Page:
Bob Mackinnon

The A Posteriori Par

Often one reads references to the ‘par result’, which is the optimum result obtainable when one can see all four hands. The bidding is not part of the calculation which depends only on the lie of the cards. There is also a practical par which derives from actual play after the opening lead is made and dummy appears. One might term this the a posteriori or conditional par. The odds have changed from the a priori values and the optimum result may have changed as well. That is what counts and what we must play for.

Imagine you are a pro playing in a PGA event. Your ball is on the edge of the green with the hole located 30’ away on a dangerous downward slope. Lying 2, the task before you is to get the ball in the hole with 2 putts. This is true whether you are playing a par 5 hole or a par 3 hole. On a par 5 hole it would be wrong to think, ‘I mustn’t putt too hard and overshoot the hole’ – that might lead to a cautious 3-putt and a lost opportunity.  On a par 3 hole it would be wrong to think, ‘I need this putt to make up for my error’ – that might lead to ending up on the fringe at the far side. In short, one has to put aside the idea of an a priori optimum result and deal with the real and present situation as best you can.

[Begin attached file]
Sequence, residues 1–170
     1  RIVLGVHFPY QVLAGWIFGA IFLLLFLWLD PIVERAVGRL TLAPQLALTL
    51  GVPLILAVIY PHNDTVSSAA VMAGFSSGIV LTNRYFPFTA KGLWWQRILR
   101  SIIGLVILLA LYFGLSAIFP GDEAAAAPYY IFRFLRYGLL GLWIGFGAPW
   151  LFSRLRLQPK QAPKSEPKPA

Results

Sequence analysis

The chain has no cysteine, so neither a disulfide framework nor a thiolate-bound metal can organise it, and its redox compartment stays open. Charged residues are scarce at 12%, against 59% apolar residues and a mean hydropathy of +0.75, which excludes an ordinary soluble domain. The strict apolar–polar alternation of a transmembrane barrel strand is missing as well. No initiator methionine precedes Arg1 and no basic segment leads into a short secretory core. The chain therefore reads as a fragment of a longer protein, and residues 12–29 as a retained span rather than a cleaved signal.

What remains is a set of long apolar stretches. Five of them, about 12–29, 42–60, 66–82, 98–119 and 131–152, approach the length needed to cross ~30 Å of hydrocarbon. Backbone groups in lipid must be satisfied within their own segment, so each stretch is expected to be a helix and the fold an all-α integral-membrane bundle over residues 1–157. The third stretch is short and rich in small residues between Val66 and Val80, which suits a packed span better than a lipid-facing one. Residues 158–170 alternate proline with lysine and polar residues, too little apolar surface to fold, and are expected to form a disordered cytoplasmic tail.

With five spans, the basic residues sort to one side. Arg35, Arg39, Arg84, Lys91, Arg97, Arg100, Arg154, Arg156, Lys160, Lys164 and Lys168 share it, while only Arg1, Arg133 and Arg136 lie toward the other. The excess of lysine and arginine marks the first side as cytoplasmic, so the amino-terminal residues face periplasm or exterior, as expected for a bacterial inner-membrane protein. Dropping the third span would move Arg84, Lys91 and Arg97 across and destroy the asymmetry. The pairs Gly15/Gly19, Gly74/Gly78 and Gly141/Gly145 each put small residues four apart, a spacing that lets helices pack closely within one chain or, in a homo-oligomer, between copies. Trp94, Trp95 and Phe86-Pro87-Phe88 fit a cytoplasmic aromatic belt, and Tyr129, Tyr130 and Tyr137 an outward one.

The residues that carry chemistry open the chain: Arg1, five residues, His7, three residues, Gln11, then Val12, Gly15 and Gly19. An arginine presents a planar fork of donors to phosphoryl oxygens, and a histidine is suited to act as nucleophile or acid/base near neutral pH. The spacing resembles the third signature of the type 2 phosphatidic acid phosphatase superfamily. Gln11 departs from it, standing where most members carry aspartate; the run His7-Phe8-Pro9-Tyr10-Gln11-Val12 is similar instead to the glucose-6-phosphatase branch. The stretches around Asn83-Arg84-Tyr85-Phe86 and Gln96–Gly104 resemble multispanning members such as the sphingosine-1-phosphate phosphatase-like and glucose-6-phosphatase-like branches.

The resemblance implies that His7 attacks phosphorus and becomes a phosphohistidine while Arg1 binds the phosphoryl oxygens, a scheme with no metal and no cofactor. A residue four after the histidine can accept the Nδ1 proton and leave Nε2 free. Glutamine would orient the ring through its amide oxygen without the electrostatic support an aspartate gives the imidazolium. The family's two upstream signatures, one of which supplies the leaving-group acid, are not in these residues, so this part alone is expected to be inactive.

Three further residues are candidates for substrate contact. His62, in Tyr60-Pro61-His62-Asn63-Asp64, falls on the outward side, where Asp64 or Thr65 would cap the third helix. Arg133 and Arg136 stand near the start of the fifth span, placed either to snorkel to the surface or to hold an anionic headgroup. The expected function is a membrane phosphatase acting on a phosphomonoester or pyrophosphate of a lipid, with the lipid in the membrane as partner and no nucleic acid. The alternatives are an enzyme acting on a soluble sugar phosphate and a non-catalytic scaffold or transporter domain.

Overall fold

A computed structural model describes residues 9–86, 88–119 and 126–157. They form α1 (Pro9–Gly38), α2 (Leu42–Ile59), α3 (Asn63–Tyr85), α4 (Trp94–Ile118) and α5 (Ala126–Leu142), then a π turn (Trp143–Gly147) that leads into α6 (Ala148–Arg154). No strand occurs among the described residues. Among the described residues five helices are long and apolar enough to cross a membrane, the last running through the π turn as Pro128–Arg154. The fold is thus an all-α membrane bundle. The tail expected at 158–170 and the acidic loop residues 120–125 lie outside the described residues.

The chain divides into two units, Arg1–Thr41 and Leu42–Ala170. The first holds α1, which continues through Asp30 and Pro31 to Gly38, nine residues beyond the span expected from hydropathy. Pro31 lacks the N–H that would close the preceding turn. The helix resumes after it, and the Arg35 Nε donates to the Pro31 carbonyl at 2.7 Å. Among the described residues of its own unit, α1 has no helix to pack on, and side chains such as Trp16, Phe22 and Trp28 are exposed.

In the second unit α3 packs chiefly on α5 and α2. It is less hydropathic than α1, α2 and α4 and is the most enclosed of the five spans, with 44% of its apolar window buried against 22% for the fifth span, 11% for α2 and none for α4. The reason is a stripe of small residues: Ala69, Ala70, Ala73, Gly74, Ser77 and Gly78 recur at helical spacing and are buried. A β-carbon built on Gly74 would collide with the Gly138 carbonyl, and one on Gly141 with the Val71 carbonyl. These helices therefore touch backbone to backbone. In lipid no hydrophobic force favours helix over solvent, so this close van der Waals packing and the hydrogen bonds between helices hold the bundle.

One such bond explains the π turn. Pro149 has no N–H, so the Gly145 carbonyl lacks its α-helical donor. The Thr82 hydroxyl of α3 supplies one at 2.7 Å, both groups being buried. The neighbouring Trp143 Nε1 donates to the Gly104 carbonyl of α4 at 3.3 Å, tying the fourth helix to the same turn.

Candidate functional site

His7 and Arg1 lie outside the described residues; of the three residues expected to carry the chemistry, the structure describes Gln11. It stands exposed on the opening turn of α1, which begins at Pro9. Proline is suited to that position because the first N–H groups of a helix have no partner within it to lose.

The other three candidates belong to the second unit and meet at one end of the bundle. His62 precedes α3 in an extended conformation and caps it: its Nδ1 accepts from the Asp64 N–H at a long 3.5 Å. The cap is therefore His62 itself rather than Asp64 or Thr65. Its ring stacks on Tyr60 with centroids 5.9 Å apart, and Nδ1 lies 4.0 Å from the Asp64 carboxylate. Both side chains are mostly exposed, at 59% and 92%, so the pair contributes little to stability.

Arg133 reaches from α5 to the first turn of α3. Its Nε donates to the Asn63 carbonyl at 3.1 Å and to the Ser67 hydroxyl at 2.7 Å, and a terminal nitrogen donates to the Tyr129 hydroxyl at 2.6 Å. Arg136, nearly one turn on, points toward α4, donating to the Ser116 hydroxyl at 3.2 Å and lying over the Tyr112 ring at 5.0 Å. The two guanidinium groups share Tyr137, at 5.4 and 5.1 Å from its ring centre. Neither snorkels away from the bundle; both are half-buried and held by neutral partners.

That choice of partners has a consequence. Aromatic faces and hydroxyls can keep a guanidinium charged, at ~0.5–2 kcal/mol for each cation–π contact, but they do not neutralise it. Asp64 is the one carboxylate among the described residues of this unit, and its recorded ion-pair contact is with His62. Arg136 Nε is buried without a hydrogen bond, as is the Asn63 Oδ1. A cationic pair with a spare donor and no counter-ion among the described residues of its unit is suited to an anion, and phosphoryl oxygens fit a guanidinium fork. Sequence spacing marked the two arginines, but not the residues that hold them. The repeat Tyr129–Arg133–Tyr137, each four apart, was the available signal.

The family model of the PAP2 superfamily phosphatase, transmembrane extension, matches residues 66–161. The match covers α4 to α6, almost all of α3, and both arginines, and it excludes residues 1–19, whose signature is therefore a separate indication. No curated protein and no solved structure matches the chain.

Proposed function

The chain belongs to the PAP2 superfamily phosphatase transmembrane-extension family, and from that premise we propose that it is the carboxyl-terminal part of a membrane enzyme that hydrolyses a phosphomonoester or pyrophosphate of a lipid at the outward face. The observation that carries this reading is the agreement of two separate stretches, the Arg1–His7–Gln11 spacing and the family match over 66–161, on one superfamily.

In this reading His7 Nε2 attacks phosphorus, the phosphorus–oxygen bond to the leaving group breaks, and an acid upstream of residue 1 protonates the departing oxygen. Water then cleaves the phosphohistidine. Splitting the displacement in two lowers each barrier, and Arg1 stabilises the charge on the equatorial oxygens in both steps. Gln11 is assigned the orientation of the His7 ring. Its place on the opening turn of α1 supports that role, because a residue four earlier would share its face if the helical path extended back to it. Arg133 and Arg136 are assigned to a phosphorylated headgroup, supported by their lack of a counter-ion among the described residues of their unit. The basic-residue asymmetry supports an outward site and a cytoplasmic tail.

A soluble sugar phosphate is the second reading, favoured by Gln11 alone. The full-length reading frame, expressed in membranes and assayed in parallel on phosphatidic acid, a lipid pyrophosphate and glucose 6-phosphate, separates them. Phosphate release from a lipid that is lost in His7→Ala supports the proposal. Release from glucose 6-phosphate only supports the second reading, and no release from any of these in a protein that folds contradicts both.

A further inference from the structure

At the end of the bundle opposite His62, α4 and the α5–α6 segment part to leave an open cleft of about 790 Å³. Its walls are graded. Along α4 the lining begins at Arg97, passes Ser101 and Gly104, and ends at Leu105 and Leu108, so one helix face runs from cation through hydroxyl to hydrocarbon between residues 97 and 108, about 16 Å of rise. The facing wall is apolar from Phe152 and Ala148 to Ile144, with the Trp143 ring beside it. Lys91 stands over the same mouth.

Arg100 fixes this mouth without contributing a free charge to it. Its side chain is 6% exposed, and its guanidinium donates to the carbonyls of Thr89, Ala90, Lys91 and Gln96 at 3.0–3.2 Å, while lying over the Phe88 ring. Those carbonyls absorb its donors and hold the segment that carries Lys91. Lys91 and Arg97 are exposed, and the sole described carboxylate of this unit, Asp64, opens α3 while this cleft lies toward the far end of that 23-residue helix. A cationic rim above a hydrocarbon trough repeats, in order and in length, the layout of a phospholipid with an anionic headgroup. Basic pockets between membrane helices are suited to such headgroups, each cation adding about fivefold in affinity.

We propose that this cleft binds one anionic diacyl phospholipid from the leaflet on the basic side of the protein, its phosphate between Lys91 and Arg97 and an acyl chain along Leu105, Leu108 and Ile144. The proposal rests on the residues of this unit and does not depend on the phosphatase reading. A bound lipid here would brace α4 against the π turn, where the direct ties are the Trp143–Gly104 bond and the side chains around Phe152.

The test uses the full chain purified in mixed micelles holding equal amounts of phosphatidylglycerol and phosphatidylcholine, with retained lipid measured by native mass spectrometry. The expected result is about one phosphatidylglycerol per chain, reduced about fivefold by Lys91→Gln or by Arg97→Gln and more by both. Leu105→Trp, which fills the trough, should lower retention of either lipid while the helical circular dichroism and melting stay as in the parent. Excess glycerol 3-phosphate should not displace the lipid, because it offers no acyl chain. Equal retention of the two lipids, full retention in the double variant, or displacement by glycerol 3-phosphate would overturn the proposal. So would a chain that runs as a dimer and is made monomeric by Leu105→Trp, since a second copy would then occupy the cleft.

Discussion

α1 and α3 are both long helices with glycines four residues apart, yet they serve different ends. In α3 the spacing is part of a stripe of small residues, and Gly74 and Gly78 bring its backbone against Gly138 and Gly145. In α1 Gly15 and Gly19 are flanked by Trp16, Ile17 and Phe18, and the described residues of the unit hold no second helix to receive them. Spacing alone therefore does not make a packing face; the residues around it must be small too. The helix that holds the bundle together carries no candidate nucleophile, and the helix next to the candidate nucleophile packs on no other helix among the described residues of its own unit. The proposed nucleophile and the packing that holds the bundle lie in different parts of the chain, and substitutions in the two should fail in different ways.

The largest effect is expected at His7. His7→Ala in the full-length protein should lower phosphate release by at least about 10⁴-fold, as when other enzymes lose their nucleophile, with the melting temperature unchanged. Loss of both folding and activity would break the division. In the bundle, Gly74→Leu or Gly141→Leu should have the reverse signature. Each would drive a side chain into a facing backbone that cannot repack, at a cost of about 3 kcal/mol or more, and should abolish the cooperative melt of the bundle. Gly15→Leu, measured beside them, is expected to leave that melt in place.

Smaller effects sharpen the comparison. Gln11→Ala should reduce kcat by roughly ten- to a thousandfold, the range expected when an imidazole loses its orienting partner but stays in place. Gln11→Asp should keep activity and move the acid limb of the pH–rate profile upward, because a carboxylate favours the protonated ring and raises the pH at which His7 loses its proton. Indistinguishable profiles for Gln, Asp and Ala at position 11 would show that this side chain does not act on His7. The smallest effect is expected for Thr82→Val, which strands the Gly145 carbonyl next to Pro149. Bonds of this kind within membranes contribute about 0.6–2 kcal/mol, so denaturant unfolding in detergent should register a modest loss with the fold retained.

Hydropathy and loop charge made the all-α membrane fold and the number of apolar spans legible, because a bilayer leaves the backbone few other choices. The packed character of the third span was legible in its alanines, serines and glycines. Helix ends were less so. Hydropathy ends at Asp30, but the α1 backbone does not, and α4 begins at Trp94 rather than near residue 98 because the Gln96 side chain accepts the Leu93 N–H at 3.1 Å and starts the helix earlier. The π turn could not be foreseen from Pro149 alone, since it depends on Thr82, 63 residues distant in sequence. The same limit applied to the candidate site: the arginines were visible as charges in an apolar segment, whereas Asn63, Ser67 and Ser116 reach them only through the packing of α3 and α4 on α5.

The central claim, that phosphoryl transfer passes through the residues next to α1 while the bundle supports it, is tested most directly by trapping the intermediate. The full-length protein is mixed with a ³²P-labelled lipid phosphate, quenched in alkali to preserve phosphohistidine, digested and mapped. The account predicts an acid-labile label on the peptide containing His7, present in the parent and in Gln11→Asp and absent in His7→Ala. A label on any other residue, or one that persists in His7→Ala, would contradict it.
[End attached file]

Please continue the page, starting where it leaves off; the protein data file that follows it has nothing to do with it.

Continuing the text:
Everyone realizes they should take advantage of the favorable situations that arise, but not everyone knows that we have to play for the conditional par in what may appear to be an unfavorable circumstance. I know that is true because I am one of those who tend to get disheartened when it appears they may have missed a chance at the theoretical optimum result. My most costly errors come at that time. This is a bad habit, for one’s score depends not on the par result but on what the field can achieve under the limitation of uncertainty. Here is a recent example where my false assumption cost us a tie for first place in the final standings.


Dealer: West
Vul: All













All Pass

It was with great foreboding that I opened one of a minor with 18 HCP. This seldom works for me when I play 2/1 methods, so I began with negative thoughts, always a bad start. The lead was the 5, and when dummy appeared I could see that we had misbid this hand badly. Surely all Wests would raise to 2 over the 1 overcall and East would bid 3NT with a better than sporting chance of making it. So it looked like a bottom score unless 3NT went down on an absolutely filthy break in diamonds.  Continuing to think negatively, I led a second heart to set up the T in dummy, and achieved my objective, +120 on a sequence too painful to recall, must less to admit to. That is what comes from reading too many bridge books where a perfect double dummy result magically appears when one flips the page.